How Harmful Was the Euler Hack to DeFi’s “Money Legos” Promise?
Decrypting DeFi is Decrypt’s DeFi email newsletter. (art: Grant Kempster)
DeFi faced its very own contagion event last week after Euler Finance was drained of nearly $200 million via six flash loans and a vulnerability.
It was a major blow to the sector; Euler had been seen as the next big building block after Compound and Aave.
In addition to throwing long-tail assets into the protocol and gambling risk à la Cream Finance, the popular crypto lender created isolated lending pools to help silo security damage if degenerate loans against the wrong memecoin.
Now, however, the whole ship has sunk.
It’s not just that: along with Euler, about 10 other DeFi protocols were affected thanks to the various integrations established along the way. Yield App, Swivel Finance, Angleand several others all announced their level of exposure to their communities.
Ironically, this ability to clip and connect various liquidity pools and lending platforms throughout the ecosystem was one of the key pillars of DeFi.
Composition ability, the developers called it. Money legos, cried the meme gurus.
“Composable protocols are the backbone of DeFi and blockchain technology in general, and they are a superpower for builders and users,” said OpenZeppelin’s solution developer Gustavo Gonzalez Decrypt. “However, like any superpower, they also present risks that must be taken into account when designing and developing a smart contract system.”
Tuesday’s events revealed exactly how these risks can snowball into pandemonium.
“The exploitation of Euler Finance and the inherent impact on more than ten DeFi protocols that relied on Euler Finance shows us the other side of composability,” said Hendo Verbeek, head of risk for the yield protocol of Spool. Decrypt. “Contagion by extension, which is even more sour given that a healthy portion of the DeFi user base has a limited understanding of how protocols use each other.”
In fact, many developers felt blindsided by the hack. After all, Euler had undergone six different audits from some of the leading software audit firms in the game.
So what happened?
At first it appeared that it was more changes made to the underlying smart contracts that were not audited, suggesting that these exact changes had led to the protocol’s vulnerability. In post mortem, however, Euler explained that “while the vulnerable code was reviewed and approved during an external audit, the vulnerability was not discovered as part of the audit.”
It’s clearly a messy process for the audit group in question, and the person behind Officer’s Notes, an anonymous Twitter account that tracks hacks and opsec in the crypto world, told Decrypt that the industry is still waiting for a standard security process.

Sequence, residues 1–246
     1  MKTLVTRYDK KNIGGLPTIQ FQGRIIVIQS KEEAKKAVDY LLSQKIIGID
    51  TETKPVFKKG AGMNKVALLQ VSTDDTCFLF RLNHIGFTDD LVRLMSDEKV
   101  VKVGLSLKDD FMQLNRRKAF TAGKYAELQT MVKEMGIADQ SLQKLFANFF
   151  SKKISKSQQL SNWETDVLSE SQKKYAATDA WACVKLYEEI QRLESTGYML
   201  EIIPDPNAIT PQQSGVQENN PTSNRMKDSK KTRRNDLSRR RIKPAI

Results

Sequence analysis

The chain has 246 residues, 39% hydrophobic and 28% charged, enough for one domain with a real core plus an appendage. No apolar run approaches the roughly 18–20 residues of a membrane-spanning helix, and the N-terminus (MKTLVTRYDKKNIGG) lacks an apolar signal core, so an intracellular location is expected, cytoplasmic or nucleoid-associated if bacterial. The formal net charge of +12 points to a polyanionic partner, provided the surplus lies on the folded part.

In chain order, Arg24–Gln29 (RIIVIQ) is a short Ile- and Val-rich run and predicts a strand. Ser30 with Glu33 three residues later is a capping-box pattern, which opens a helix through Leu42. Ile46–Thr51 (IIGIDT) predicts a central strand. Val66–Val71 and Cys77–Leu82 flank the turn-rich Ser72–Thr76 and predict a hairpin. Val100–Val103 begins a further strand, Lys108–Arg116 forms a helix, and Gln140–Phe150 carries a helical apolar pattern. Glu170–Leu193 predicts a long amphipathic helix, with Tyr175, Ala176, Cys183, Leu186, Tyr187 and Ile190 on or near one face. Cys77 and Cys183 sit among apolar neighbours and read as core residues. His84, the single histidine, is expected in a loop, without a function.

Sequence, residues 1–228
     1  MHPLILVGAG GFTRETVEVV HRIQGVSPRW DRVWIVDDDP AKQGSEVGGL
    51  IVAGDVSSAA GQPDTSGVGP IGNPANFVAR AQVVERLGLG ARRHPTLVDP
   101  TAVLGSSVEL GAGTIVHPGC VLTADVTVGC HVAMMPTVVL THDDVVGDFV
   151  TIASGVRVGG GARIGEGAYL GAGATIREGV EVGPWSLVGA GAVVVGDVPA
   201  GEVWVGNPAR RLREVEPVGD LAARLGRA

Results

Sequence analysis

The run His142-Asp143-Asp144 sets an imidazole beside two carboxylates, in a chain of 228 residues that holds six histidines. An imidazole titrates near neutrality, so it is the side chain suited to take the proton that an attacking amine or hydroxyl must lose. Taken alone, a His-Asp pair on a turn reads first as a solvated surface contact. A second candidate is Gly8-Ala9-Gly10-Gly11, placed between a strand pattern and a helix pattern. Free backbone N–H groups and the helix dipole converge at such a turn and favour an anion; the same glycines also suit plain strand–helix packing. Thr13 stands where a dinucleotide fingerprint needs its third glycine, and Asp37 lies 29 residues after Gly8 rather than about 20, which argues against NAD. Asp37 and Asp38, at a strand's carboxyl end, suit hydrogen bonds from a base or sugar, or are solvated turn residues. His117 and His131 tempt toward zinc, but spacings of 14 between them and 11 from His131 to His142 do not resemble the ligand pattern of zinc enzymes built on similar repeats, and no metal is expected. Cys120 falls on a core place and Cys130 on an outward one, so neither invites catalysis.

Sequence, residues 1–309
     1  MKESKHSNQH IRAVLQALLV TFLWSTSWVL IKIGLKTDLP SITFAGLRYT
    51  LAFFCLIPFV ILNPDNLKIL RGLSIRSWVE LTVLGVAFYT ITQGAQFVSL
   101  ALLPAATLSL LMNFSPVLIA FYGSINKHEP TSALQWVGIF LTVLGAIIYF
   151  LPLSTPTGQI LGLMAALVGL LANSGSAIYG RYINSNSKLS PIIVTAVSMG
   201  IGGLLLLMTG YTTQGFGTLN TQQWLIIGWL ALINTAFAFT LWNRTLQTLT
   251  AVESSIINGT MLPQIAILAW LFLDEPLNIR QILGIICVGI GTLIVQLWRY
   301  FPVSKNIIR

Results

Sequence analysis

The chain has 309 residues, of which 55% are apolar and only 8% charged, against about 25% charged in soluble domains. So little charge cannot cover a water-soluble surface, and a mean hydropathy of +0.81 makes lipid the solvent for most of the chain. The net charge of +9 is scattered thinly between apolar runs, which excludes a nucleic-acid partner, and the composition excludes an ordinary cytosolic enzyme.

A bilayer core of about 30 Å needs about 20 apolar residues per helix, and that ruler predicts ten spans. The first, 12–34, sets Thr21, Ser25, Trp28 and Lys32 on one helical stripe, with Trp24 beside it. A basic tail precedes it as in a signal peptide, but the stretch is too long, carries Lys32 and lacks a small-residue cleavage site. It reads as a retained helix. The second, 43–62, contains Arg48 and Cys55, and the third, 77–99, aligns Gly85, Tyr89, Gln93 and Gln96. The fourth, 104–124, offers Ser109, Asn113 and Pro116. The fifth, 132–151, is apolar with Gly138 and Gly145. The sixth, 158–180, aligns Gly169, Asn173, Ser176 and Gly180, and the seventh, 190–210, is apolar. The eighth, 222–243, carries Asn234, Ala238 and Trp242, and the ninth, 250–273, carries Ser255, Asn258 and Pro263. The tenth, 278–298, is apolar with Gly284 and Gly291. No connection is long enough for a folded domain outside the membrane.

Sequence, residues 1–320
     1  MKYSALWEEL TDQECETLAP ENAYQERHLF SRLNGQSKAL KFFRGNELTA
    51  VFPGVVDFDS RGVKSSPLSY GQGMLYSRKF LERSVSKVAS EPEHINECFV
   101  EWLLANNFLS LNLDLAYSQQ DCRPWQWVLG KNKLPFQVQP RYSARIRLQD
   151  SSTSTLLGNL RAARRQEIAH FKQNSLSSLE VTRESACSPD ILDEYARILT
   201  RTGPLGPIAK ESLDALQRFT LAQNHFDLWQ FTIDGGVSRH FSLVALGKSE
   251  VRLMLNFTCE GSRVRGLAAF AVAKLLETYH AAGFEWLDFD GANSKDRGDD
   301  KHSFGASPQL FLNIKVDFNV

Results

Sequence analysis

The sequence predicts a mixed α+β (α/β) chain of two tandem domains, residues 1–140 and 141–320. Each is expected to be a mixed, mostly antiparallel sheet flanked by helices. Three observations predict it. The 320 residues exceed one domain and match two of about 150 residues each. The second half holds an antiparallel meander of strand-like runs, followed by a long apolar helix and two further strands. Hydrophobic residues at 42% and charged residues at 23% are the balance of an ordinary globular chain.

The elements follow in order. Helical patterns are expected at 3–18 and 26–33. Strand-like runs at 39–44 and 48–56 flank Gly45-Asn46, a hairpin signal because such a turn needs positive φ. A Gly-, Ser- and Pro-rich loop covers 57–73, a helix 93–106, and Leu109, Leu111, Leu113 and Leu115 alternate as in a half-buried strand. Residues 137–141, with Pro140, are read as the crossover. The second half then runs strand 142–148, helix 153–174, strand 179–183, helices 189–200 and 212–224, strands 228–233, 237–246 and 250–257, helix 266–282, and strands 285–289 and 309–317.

While the industry waits for the aforementioned standard, projects should actively combine audits and go heavy on the bug bounties, “which will end up being cheaper for a company/protocol/project that needs to get its smart contracts checked,” they said.
Eulers has to be one of the biggest losses in DeFi in a while. Still, it’s not over yet for money’s Lego tale, OpenZeppelin’s Gonzalez said.
“It’s just a reminder of why security is difficult and surveillance is important,” he said.
DeFi is far from over – you just need to know where to look.
How did DeFi fare during the banking chaos?
While Circle rolled with $3.3 billion locked in a slowly sinking bank, the stablecoin fell as low as $0.87.
Many degeners bet on this pico bottom, borrowing USDT against ETH to acquire the discounted token, and have since emerged victorious again.
Others cut their losses and fled to more decentralized pastures.
The market cap for Maker’s DAI was one big winner in all of this. Although the support consists mainly of USDC, and it also fell off, the market capitalization of the largest decentralized stablecoin has increased and has remained there.
Likewise for Liquity’s LUSD and the lesser-known RAI. Each of these stablecoins served relatively secure decentralized options when SVB hit the fan.
And while scrambling for the exits, platforms offering the best deals on broken stablecoins were setting new record volumes (and earning their liquidity providers a pretty penny in the process).
In the heat of the depegging, Curve Finance posted volumes of $6.03 billion.
During the week of March 11, Uniswap almost doubled across the WETH-USDC, USDT-USDC and DAI-USDC pools.
In the end, it certainly wasn’t a win for DeFi. But it’s still here, and clearly traders still need it.
For now, maybe that’s enough.
Editor’s note: This article was updated on March 18, 2023 at 6:00 PM ET to show that the vulnerable code in question was audited but not detected. An earlier issue reported that the newly added code had not been revised.